Greece Sailing Trip 2014

We returned to Greece to sail the Dodecanese Islands for the second time.  This summer, however, we took off from the port of Kos (instead of Rodos), and traveled north to the islands of Kalymnos, Leros, Patmos, and Lipsi.  We took the “road” a little less traveled this year and ended up with a very different experience – it was a little more relaxed, more rustic, and definitely more windy with rougher seas.  Our captain was also younger and drank a little (lot!) less, which made us all feel a little safer aboard. :)    Overall, Greece never disappoints, and I am happy to say my skin is no longer translucent, but instead a speckled light tan color.

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Our 2nd Italian Anniversary

First night on the water

I know I’m a little late, but September 6th marked our 2nd Italian anniversary.  This means we have passed well over the halfway point of Bobby’s Olmsted experience.  Wow!  I’d like to highlight some of our favorite travel spots we were fortunate enough to see this year (see our first year favorites here). First though, we’d like to reiterate to the Olmsted Foundation how incredibly grateful we are for this amazing opportunity.  We never thought we’d get travel like this as a couple, nor have the chance to learn a second language while experiencing the culture first-hand.  We can’t express our gratitude enough – thank you, thank you, thank you!… [Read More]

Dodecanese Islands – Part 2

Overlooking Pali on the island of Nisyros

After sailing from the port of Rhodes and stopping in Symi and the Turkish coast, we spent the rest of the week on four smaller islands – Nisyros, Tilos, Chalki, and Alimia.  Nisyros, known for its volcanic crater, is over over 150,000 years old.  The crater “valley” was pretty impressive, spanning almost two miles wide.  The largest of the craters is called Stefanos and activity is still visible today with its steaming pots and bubbling waters.  Tilos is known for its little port town of Livadia, with a large rocky beach and charming seaside restaurants.  Chalki had perhaps the best village (bearing the same name), where the colorful buildings seem to disappear directly into the water, sort of like the houses and hotels in Venice. It is a popular tourist port in the Dodecanese Islands and we saw everything from small fishing boats to large, multimillion dollar yachts.  Our last, but certainly not least, stop on our seven day sailing trip was the uninhabited island of Alimia.  Alimia, which means “one more” in Greek (it is considered an additional island to Chalki), was the site of a German/Italian WWII post, but is now a peaceful bay where boaters stop to swim on the way back to Rhodes.  We stayed the night in the bay and grilled out on our homemade campfire.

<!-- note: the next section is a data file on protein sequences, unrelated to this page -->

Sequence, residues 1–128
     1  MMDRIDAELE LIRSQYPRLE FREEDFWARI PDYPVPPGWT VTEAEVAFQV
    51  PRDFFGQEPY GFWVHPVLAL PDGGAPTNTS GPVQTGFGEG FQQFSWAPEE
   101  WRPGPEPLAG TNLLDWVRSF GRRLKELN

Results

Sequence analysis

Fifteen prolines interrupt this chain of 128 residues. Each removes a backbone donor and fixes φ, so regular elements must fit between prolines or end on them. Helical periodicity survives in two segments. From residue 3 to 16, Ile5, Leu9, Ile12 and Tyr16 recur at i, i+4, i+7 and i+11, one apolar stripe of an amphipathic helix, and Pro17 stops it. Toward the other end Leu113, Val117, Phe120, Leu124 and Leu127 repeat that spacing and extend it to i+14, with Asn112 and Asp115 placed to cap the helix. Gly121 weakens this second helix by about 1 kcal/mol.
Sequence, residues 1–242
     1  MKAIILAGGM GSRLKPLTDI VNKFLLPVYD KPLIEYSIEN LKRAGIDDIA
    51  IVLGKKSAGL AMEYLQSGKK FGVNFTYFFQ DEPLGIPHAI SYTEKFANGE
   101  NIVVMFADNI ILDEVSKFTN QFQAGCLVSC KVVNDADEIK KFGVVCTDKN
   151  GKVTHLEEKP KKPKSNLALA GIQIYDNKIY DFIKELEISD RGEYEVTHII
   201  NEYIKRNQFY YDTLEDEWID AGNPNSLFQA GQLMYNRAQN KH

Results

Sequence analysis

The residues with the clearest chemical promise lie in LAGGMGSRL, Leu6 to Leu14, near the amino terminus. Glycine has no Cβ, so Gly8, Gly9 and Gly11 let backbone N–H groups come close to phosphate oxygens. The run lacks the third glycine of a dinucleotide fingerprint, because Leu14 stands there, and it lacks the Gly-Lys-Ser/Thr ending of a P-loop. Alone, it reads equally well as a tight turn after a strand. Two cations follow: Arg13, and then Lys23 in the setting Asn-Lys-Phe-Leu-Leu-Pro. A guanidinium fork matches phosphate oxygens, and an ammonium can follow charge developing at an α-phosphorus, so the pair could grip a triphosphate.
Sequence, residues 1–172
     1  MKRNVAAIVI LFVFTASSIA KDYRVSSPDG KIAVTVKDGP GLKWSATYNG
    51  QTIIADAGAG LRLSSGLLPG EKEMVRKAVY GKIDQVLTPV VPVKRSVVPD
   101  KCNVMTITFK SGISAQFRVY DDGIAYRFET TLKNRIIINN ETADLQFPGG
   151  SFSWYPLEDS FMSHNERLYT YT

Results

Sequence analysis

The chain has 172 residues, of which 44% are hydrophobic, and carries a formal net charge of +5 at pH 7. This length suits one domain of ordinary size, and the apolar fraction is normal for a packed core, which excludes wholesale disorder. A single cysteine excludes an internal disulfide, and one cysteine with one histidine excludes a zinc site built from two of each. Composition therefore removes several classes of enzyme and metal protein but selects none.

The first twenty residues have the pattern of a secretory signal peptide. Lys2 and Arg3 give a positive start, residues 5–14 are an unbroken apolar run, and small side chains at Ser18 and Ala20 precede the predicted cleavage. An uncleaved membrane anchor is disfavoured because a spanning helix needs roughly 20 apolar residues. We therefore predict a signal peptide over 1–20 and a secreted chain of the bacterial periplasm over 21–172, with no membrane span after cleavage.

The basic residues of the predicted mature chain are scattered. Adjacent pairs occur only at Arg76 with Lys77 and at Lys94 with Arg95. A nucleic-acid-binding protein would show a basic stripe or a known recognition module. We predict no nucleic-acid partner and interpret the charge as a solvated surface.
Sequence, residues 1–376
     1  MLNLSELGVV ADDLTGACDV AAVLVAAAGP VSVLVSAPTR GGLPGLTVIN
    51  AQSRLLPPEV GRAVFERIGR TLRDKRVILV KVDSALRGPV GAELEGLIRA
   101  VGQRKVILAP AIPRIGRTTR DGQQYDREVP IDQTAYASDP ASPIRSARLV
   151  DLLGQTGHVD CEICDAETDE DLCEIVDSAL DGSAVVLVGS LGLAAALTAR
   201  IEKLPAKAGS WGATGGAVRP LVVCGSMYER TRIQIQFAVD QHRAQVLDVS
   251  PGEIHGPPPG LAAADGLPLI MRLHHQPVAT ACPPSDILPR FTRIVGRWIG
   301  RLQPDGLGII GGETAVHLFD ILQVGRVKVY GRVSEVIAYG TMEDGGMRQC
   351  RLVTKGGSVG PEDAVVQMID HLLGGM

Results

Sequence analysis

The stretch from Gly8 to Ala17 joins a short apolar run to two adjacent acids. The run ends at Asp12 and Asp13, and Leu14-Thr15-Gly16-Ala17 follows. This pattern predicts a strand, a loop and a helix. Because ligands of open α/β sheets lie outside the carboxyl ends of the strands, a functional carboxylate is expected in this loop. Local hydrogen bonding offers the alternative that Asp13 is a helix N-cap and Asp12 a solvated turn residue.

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Dodecanese Islands – Part 1

Muses restaurant

For our anniversary in April, I gifted Bobby a trip to northern Italy to hike the via ferrata, or “iron road,” something that he’s always wanted to do.  We were all set to go during the third week of June.  However, while watching the Giro d’Italia on TV, we saw some legs of the race in the region and we were discouraged by the piles (we’re talking 4-5 feet) of unseasonal snow on the ground. We begrudgingly canceled our trip and were trying to find a warmer vacation to satisfy our desire to hit the road when we received a great offer.  Our Italian friends Tatiana and Francesco invited us to join them on a seven-day sailing trip in the Dodecanese islands.  We couldn’t have been more excited, and quickly agreed.   The Dodecanese are a group of twelve large (plus more than 150 small) Greek islands in the Aegean Sea, of which 26 are inhabited.  With some suggestions from Tatiana and Francesco’s friends as well as our captain, we decided on a six island route.  From Rhodes, the port of departure, we sailed to Symi, Nisyros, Tilos, Chalki, Alimia, and even took a pit stop in Turkey during the second leg of the trip for a quick dip.

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Picture-perfect Santorini

Oia, Santorini

After site-seeing in Athens for three days, we hopped down to the Greek island of Santorini.  Santorini is most famous for its white buildings perched on cliffs and blue-domed churches.  Many of our friends have traveled here before, so we had lots of information to go on.  However, we decided to stay out of the main cities (Fira and Oia) and relax at a very tranquil oasis called the Aenaon Villas.  We were incredibly happy we made this choice, as there weren’t a lot of tourists around and the view was outstanding.  We took several days to relax (well, I read several leisurely books and Bobby read lots of articles for his thesis), and then chose to partake in 2 different day activities that I hadn’t done before — sailing on a catamaran and scuba diving.  … [Read More]